National Recreational River section between Gavins Point Dam and Ponca State Park, Nebraska.
This federally-designated "Wild and Scenic River
" is among the
last unspoiled stretches of the Missouri, and exhibits the islands,
bars, chutes and snags that once characterized the river.
The dikes, revetments, and levees constructed by the Corps of
Engineers as part of the Missouri River Navigation and Flood
Control Project have transformed the once sprawling and constantly
changing river into a narrower, deeper, fixed channel designed to
more easily maintain the navigation channel. The river carries a
large amount of silt and sand, but high water velocity in the
navigation channel normally prevents settling out and sand bar
accumulations. As a result, unlike the Mississippi River, the
Missouri River rarely requires dredging to maintain the navigation
channel. The huge amounts of sediment in the Big Muddy have long
provided a free source of sand, mined by commercial dredgers to be
used in concrete and asphalt for construction, mainly below Rulo,
Nebraska. In recent years, the quantity of sand commercially
dredged from the Missouri River has dramatically increased as
Kansas City, Columbia, and St. Louis have grown. In 2000, 7.4
million tons of sand and gravel were dredged out of the navigation
channel. As commercial sand dredging has increased, the Missouri
River bed has gradually cut deeper into the flood plain. Between
1990 and 2005 the river around Kansas City, Missouri, has degraded
as much as .
Barge traffic has been steadily declining from 3.3 million tons in
1977 to 1.3 million tons in 2000. The declining barge traffic
industry has stirred controversies over the management of the river
and whether upstream dams should release more water to maintain
commercial navigation standards.
The states of Iowa and Missouri have sought to revive their
waterfronts by permitting riverboat
. The initial gambling regulations required the casinos
to navigate the river. They were subsequently amended so that the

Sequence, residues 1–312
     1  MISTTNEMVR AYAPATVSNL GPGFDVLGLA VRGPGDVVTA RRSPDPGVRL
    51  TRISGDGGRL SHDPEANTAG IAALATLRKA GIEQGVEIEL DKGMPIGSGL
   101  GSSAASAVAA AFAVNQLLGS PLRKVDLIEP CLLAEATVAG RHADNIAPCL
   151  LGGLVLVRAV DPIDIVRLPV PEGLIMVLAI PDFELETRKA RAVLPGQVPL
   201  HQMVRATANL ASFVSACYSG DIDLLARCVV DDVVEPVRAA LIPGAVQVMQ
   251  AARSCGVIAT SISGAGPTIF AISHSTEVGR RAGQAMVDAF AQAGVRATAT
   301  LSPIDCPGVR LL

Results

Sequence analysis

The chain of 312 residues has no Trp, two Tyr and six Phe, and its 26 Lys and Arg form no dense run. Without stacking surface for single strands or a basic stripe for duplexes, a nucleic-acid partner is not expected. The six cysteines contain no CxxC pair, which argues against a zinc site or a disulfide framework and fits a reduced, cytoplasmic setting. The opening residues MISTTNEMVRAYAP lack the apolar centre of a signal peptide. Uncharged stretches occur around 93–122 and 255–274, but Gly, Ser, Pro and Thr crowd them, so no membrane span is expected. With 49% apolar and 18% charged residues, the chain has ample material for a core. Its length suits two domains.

casinos could be permanent land-based structures as long as they
had a moat with Missouri River water surrounding them.
George Caleb Bingham "Fur Traders on
Missouri River", c.
The American painter George Catlin
traveled up the Missouri in the 1830s, making portraits of
individuals and tribes of Native Americans. He also painted several
Missouri River landscapes, notably " Floyd's Bluff
" and " Brick Kilns
", both from 1832.
Swiss painter Karl Bodmer
accompanied German explorer
Prince Maximilian zu
Wied-Neuwied from 1832 through 1834 on his Missouri River
Bodmer was hired as an artist by Maximilian for
the purpose of recording images of the Native American
that they encountered in the American West.
In 1843, American painter and naturalist John James Audubon
traveled west to the
upper Missouri River and the Dakota
to do fieldwork for his final major opus,
Viviparous Quadrupeds of North America
. A typical example
from this folio is "American Bison"
Missouri painter George Caleb
immortalized the fur traders
who plied the Missouri
River in the early 19th century; these same boatmen
were known for their river chanties
, including the haunting American
". Each verse of "Oh
" ends with the line, "...'cross the wide
The following rivers are listed going downstream based on the
states where they enter the Missouri.
Although the Missouri drains about one-sixth of the United States,
its basin is relatively lightly populated with only 10 million
For a full list, see List of cities
and towns along the Missouri River
From mouth upstream to source:
- St. Louis, Missouri
- Saint Charles,
- Jefferson City, Missouri (capital)
- Kansas City, Missouri
- Kansas City, Kansas
- Saint Joseph,
- Omaha, Nebraska
- Council Bluffs, Iowa
- Sioux City, Iowa
- Pierre, South Dakota (capital)
- Bismarck, North Dakota (capital)
- Great Falls, Montana
- United States Geological
Survey Hydrological Unit Code: 07-14-01-01- Cahokia-Joachim
- Stream Access in Montana
- McCafferty, Michael. 2004. Correction: Etymology of Missouri (restricted
access). American Speech, 79.1:32
- American Heritage Dictionary: Missouri